Where are the robot underwriters? New report shines spotlight on the true potential of automation

06-03-2018

Automation has arrived in the insurance market and will revolutionize many roles, especially that of the underwriter. But companies must develop a long-term strategy designed to embrace automation rather than just seek short-term wins.

That is one of the conclusions of a report by London based software developer Excel in Business (EiB), which provides automated premiums and claims management information (MI) for MGAs, insurers and brokers, exploring the impact of data quality in the insurance industry.

Detailing the results of detailed interviews with a number of experts in this field, the report’s contributors make a number of predictions about how this sector will develop – and the best way for companies to embrace it.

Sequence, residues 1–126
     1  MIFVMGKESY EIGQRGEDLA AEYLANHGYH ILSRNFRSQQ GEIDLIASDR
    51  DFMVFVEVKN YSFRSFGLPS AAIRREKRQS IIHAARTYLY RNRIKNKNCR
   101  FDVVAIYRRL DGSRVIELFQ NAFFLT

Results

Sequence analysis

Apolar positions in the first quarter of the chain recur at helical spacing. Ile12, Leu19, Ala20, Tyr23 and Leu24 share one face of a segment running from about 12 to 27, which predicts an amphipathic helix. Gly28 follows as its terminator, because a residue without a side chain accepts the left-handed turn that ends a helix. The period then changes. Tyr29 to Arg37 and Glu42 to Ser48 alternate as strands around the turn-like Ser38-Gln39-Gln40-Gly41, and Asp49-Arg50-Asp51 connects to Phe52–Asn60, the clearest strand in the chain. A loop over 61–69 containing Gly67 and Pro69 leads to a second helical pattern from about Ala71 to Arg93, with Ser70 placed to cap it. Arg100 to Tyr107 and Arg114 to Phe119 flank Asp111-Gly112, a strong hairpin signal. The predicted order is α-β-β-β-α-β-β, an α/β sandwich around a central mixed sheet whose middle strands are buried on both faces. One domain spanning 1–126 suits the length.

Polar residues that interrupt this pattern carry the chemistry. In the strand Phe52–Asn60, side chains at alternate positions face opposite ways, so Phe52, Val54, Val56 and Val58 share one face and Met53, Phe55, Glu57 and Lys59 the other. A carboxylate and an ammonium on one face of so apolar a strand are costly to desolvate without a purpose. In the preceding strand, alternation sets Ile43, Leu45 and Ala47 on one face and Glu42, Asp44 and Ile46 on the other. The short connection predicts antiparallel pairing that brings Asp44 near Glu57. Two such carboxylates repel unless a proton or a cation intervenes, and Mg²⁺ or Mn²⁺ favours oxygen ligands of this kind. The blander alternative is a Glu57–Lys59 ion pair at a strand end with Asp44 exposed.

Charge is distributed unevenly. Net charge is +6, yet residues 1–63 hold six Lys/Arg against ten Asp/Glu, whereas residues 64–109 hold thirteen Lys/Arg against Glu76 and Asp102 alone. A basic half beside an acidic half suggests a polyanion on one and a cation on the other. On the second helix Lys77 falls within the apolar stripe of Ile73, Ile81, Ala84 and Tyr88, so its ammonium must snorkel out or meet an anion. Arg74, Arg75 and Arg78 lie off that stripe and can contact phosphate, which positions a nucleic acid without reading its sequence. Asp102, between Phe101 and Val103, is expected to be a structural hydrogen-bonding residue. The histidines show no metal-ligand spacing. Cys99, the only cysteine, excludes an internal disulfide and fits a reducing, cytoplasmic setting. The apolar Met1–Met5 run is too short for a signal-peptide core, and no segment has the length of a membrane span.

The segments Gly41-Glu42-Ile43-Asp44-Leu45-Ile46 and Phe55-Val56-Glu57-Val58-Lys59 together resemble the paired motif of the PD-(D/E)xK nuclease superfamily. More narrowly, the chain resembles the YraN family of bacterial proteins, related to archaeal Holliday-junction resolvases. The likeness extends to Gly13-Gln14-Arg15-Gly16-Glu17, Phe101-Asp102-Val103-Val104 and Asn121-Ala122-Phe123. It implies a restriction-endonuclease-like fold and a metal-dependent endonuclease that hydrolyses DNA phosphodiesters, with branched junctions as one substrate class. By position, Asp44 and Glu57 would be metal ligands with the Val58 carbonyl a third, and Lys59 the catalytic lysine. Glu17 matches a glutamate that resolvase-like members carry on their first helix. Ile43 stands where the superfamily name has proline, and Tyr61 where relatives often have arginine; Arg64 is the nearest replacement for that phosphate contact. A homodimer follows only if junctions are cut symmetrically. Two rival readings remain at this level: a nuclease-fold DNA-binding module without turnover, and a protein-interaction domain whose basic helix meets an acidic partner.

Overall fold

“InsurTech is aiming to do to the insurance industry what Fintech did to the banking industry,” said Nick Pester of Capital Law. “Customers are demanding more information, more flexible products, efficient claims handling and the ability to make insurance decisions in a matter of minutes from smart devices.

“For this to work, technology has to play a far more active and sophisticated role and technology like IoT devices, real-time data streaming, and predictive analytics are all part of how InsurTech is looking to improve the insurance industry.”

The report cites a 2017 EMEA Insurance data analytics study by Deloitte, which discovered that only 40 percent of respondents found their data quality to be sufficient for trusted insights to be generated, and for an equal proportion, their data was undefined and of very poor quality.